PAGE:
In honor of today’s birthday girl, I’m posting about my favorite birthday song: “Birthday” by The Sugarcubes, sung by the one and only Björk, who turns 49 today. I believe I first encountered this song on Saturday Night Live where it was very memorably performed in 1988. And that, I’m happy to say, is what you’ll see on the clip link (that is, unless it gets removed). And I like seeing the performance better than watching the official video, though it's nice to see some of Iceland (which I'll be visiting in person next summer) and to see Björk being all gleeful and childlike.
On screen we see a great new singer in that early, no-holds-barred phase of her career. Her every vocal inflection creates paroxysms of joy. Hear how she does that guttural glide in the wordless refrain of this song, after the oh oh oh. It gets me every time.
The song itself is one of my “birthday tape” essentials, for whoever's birthday happens to be the occasion for a tape. So it’s a rather promiscuous choice, in that sense. Still, even if I'm not sure who got this song on a birthday tape first—possibly Susan, back at UDE, who turned 21 the year after this song came out—it’s a song that speaks to me about birthdays and older/younger relations. Granted, the relationship between him and her, described in the song, seems to be pedophilia, but let’s not be too hasty there. That word itself, as a Greek derivative, refers to “friendly love” of a child—and isn’t that, as rendered in this song, a positive thing? Its use as the term for actual sexual relations with a child, we could say, is a perversion of the word itself.
What we have is a kind of adult/child relationship that is intimate, but not necessarily sexual, if only because the child isn’t sexual, and it’s told from her point of view. She’s five years old; he has a beard. He “knows how many freckles she’s got”—which might awaken your little prurient inclinations, and, if that doesn’t, then “they lie in the bathtub,” at song’s end is bound to do it. Only parents are allowed to take baths with their children, right? And only up to a certain age.
All that policing of affection is what gets sent-up by this song. I’m sure there are those who could listen to it and deem it a portrait of pathology and abuse, which is why I’m so moved by how Björk sings it because there is a volcano of passion in her singing, just as there is in children, but the point is that such feeling hasn’t yet found (and may never find) sexual expression. What the song references, for me, is the unconscious sensuality of innocence. Something which we all enjoyed at one time and never will again. (And which we don't need to be Freud to be aware of—they're sucking cigars, Sigmund!)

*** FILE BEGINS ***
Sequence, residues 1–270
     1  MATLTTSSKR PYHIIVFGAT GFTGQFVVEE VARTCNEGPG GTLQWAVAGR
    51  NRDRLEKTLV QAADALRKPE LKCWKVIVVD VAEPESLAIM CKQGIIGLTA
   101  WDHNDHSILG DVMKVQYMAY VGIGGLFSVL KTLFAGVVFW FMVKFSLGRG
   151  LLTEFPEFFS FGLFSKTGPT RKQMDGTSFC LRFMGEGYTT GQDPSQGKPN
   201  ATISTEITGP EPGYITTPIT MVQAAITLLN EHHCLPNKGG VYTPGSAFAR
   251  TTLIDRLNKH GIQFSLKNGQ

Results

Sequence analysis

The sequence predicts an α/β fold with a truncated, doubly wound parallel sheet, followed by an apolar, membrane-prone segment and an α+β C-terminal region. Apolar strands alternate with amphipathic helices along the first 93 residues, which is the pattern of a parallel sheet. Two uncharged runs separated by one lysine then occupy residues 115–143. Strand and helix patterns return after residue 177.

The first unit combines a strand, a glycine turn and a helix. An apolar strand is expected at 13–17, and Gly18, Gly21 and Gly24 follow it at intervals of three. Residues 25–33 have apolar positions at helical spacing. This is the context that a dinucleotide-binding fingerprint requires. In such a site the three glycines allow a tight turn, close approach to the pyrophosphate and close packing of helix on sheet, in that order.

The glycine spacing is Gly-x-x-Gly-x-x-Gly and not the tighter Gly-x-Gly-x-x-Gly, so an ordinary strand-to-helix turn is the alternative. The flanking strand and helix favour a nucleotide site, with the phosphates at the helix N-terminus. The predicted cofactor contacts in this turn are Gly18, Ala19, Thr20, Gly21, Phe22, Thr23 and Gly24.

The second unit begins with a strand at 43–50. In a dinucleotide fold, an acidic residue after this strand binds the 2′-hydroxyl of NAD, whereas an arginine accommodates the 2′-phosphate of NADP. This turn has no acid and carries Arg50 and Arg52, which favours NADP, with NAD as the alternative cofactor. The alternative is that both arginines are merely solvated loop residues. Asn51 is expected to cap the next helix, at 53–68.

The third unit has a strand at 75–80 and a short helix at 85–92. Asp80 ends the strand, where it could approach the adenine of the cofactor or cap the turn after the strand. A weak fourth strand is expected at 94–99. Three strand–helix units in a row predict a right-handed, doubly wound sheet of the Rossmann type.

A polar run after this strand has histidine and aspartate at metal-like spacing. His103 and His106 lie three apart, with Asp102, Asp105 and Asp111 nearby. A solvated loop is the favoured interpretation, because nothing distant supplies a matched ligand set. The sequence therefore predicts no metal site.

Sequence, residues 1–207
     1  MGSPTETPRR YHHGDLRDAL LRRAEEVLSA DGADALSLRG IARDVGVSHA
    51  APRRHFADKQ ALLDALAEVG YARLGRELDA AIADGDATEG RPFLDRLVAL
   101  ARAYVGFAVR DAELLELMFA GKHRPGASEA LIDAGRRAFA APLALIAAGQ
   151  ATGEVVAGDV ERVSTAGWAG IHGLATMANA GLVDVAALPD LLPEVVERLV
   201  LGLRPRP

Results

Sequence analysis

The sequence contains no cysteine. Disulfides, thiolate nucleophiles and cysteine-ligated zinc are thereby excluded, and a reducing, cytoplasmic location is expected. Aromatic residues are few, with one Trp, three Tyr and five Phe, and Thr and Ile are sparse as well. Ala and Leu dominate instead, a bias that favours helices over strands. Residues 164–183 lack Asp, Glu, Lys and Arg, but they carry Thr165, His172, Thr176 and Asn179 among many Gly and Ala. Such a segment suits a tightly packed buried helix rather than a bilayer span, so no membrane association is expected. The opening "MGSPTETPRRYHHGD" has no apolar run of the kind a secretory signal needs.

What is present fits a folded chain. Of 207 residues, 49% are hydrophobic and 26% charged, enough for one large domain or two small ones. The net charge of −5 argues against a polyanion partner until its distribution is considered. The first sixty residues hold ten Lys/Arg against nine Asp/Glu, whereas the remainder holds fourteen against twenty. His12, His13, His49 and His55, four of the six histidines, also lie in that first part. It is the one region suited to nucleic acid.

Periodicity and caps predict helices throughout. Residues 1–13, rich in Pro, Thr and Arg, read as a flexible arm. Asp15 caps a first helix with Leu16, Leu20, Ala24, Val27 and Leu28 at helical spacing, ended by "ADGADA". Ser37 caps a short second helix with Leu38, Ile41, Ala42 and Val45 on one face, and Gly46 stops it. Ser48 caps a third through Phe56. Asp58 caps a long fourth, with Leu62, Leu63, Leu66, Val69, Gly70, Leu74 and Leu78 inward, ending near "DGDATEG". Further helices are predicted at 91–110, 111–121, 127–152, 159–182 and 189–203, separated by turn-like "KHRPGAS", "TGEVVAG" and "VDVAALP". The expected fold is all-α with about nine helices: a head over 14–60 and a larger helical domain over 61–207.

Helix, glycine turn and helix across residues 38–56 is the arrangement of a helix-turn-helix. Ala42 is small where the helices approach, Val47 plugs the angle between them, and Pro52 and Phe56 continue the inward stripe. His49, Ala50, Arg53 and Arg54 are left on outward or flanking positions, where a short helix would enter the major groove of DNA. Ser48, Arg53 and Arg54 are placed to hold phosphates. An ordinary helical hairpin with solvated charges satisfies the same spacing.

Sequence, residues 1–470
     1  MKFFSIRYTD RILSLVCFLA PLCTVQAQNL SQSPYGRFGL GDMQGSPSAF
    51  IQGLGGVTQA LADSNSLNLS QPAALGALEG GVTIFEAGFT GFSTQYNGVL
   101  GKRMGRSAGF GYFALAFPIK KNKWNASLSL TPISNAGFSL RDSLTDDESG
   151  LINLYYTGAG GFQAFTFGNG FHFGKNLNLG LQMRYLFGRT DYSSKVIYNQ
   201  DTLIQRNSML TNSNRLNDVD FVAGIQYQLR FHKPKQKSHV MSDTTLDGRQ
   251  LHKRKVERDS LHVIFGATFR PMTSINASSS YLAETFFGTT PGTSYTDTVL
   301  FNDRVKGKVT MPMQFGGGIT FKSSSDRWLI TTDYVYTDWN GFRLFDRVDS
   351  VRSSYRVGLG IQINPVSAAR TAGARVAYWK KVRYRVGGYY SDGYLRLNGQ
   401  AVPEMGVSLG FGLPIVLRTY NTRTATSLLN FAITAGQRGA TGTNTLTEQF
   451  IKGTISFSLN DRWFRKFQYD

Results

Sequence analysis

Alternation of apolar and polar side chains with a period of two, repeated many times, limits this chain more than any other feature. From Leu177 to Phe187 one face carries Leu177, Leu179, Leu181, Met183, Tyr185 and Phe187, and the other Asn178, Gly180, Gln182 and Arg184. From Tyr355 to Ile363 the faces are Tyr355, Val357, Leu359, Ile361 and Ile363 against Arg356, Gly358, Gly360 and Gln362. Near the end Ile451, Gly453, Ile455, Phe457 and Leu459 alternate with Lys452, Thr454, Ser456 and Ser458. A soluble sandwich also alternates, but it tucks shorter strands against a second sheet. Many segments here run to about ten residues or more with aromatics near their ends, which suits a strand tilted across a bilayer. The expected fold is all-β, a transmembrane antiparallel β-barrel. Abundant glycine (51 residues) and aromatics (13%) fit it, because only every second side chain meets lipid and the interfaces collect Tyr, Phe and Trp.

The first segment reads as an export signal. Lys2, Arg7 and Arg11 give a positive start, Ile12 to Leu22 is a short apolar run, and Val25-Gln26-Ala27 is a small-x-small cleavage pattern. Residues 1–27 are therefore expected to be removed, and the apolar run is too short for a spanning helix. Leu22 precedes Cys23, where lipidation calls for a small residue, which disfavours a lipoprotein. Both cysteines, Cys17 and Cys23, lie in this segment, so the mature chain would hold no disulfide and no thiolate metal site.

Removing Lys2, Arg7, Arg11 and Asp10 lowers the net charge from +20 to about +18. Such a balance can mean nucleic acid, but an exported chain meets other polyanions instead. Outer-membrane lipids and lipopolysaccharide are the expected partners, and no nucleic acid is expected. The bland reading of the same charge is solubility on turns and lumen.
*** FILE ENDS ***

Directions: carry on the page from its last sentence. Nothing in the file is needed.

It’s a knowing song, in that the singer is not innocent any longer and knows that, whether describing her own experience at five or some other fantasized or actual little girl, that “period” is a bit dicey. Listen to how she sings “They saw a big raven / It glided down the sky / She touched it.” That final phrase, isolated by the gasp in her voice as she sings it, and which jumps her into one of those great glossolalic glides, could have much significance. Particularly when he “sews a bird / In her knickers,” which gets its own gleeful gasp and answering glide. And the sound of Einar Örn Benediktsson's trumpet is so bright but also a little warped—it really sets the tone right from the start.
It’s a song even trickier in its way than The Smith’s “The Hand that Rocks the Cradle” because here there are so many details—the girl’s age, that the man is her “one friend, he lives next door.” The bathtub, etc. Yeah, maybe this guy should be brought up on charges, but anyone that literal-minded really shouldn’t listen to this kind of music.
Anyway, few songs have ever evoked, to me, that prized and perishable beauty of innocence and the fun of doing silly things with children. The kinds of things they probably won’t even remember unless it gets dredged up in a clinical light somewhere on a psychiatric couch. In any case, as sung, this isn't a song about the kind of bodily shame that comes from sexual abuse; it's about a randy joy in the body, even in one's own body as a child.
As a man once said, “And if my thought-dreams could be seen / They’d probably put my head in a guillotine.” I don’t advocate that fate for the writers of this song, not even when Björk has claimed the experiences as her own. But I give her credit for saying that what is important in the song, more than the details, is the “atmosphere.” It’s that atmosphere—the longings of a child? the unfixed quality of the libido at that time?—that the song gets so well, while flirting, in its lyrics, with a kind of eroticism that may all be in hindsight. And anyway, this is a Scandinavian country we're talking about.
Let’s just say that some of us remember childhood—actual childhood—better than others, and leave it at that. A chain of flowers.